The software giant has recently announced that in its shortlist got only three of the cadidates, including former Skype CEO Tony Bates, who is now in charge of Microsoft’s business development, and Satya Nadella, the company’s cloud and enterprise chief.
Initially the company has selected 50 people who were likely to become a new chief of the massive corporation. According to sources, it took several months to do that.
The names of other candidates are still unknown, but the search committee consides executives from different sectors, including life sciences and consumer, Reuters reports.
The world’s most famous software maker declined to comment both on the process of selecting the future CEO and on the candidates. A Nokia representatives were not available for comments.
Ford spokesman Jay Cooney said: “There is no change from what we announced last November. Alan remains fully focused on continuing to make progress on our One Ford plan. We do not engage in speculation.”
Meanwhile, Microsoft investors call the board to find Ballmer’s successor as soon as possible. They also insist that the new Chief Executive should be a turnaround expert.
Steve Ballmer followed his own policy that was focused on making devices, such as the Surface tablet and Xbox gaming console, and turning key software into services provided over the Internet.
However, not it appears that some investors say that a new CEO should concentrate on something different from Ballmer’s strategy. They are concerned that, with both Gates and Ballmer up for re-election to Microsoft’s board, they will retain their influence over the company.
Steve Ballmer announced his decision to retire from his post back in August, after three decades at Microsoft’s steering wheel.
“There is never a perfect time for this type of transition, but now is the right time,” Ballmer said in a statement.
The company needed a leader who could see through its reorganisation and new strategy, he added. “My original thoughts on timing would have had my retirement happen in the middle of our company’s transformation to a devices and services company. We need a CEO who will be here longer term for this new direction.”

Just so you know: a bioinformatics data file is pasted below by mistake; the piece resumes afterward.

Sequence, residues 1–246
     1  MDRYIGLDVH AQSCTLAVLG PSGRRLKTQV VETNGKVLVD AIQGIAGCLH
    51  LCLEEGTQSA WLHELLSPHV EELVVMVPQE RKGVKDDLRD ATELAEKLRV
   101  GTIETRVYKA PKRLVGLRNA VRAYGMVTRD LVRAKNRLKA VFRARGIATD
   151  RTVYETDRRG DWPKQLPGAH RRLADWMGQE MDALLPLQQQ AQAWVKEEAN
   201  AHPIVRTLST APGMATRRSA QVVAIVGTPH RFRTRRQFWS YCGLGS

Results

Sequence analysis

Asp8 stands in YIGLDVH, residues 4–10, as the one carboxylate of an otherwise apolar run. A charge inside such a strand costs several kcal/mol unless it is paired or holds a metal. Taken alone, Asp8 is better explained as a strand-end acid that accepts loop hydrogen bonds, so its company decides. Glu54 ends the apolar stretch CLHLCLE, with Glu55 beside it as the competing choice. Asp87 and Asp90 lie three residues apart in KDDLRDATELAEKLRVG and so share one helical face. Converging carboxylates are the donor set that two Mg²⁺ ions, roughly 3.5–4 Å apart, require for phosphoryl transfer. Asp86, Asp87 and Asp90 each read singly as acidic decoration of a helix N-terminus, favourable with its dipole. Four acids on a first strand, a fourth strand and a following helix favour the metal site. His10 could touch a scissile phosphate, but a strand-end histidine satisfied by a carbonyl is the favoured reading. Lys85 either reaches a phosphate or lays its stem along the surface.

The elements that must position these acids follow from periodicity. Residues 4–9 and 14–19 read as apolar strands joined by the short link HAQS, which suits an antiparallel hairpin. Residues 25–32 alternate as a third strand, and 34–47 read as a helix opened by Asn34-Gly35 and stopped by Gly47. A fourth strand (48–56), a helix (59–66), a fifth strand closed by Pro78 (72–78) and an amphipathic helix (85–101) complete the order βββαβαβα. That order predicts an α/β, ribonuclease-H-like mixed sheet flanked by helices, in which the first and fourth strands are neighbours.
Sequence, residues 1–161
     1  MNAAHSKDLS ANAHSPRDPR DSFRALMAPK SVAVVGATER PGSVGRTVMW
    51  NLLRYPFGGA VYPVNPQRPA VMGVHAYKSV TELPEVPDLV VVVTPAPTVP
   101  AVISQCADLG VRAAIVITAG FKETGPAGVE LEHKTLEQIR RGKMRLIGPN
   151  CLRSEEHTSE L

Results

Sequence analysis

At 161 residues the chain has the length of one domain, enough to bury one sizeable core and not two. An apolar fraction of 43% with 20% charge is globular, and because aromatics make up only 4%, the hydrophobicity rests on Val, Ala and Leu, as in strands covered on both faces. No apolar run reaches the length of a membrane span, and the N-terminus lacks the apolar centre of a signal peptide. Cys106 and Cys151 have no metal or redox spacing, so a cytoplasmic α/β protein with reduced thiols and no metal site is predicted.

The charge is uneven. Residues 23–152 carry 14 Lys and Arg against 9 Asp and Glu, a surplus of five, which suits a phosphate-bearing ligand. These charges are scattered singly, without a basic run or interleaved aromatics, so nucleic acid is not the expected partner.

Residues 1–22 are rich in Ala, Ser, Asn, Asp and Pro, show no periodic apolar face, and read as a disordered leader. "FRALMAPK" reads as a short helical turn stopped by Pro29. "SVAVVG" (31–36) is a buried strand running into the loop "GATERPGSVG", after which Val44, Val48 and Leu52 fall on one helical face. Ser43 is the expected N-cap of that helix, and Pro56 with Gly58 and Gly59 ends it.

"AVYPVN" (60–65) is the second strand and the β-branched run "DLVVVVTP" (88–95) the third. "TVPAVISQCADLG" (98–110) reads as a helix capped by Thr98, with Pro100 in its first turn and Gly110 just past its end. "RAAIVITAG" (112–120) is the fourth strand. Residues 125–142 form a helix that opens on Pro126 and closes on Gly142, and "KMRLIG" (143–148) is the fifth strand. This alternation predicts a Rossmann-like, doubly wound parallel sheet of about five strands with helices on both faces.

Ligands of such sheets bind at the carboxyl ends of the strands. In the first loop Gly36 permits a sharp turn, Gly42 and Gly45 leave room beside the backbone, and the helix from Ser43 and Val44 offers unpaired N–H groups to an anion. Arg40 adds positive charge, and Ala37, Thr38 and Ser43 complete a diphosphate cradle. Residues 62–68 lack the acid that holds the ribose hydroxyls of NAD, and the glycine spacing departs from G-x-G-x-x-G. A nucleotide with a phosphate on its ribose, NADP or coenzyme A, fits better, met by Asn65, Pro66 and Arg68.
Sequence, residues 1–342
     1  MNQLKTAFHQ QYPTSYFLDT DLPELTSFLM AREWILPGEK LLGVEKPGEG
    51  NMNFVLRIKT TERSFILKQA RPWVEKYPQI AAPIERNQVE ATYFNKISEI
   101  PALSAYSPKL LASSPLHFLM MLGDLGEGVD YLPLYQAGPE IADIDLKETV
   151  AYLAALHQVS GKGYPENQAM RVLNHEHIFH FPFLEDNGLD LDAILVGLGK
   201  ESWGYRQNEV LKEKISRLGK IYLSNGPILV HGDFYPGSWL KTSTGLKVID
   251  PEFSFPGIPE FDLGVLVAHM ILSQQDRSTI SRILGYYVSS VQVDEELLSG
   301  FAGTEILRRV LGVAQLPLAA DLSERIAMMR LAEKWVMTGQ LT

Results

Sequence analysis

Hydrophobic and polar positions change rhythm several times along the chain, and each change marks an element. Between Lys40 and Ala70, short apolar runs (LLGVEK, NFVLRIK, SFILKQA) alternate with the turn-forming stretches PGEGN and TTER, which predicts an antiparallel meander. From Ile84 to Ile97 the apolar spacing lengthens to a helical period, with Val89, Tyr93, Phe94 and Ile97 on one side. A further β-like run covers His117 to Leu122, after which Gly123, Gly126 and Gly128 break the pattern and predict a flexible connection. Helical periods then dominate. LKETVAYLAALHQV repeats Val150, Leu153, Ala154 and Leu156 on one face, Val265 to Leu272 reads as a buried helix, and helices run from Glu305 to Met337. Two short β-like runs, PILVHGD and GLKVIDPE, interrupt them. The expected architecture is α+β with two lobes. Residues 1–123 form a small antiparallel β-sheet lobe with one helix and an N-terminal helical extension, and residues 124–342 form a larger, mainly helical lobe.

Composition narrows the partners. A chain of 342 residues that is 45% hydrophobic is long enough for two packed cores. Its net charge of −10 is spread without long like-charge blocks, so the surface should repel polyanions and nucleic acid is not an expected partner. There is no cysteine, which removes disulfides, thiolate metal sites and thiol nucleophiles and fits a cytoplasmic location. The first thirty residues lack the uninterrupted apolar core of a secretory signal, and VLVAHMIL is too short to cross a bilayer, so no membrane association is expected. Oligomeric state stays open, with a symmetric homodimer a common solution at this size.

Ballmer’s planned exit came just weeks after the company announced a major reorganization and delivered an earnings report that showed across-the-board weakness in the business, including dismal sales of the company’s new Surface tablet and a lukewarm reaction to the crucial Windows 8 operating system.
Back in September, Ballmer said his farewell to the company’s employees has been captured in a video that reveals the passion and love he seems to have for his work.
The video for Microsoft employees begins with a red-faced and extremely sad chief executive on stage, bathed in the glare of stadium spotlights as thousands of employees look on.
In what appears to be an exprompt speech, Ballmer unveiles his own vision of his love for the job and Microsoft employees.
With his voice wavering, Ballmer says, “This isn’t about any one person, it’s about the company … It’s my whole professional world. Microsoft is like a fourth child to me. Children do leave the house. In this case, I guess I’m leaving the house.”
However, things change drastically as the Microsoft CEO performs his exit music, the theme from the 1987 film Dirty Dancing called, “(I’ve Had) The Time of My Life.”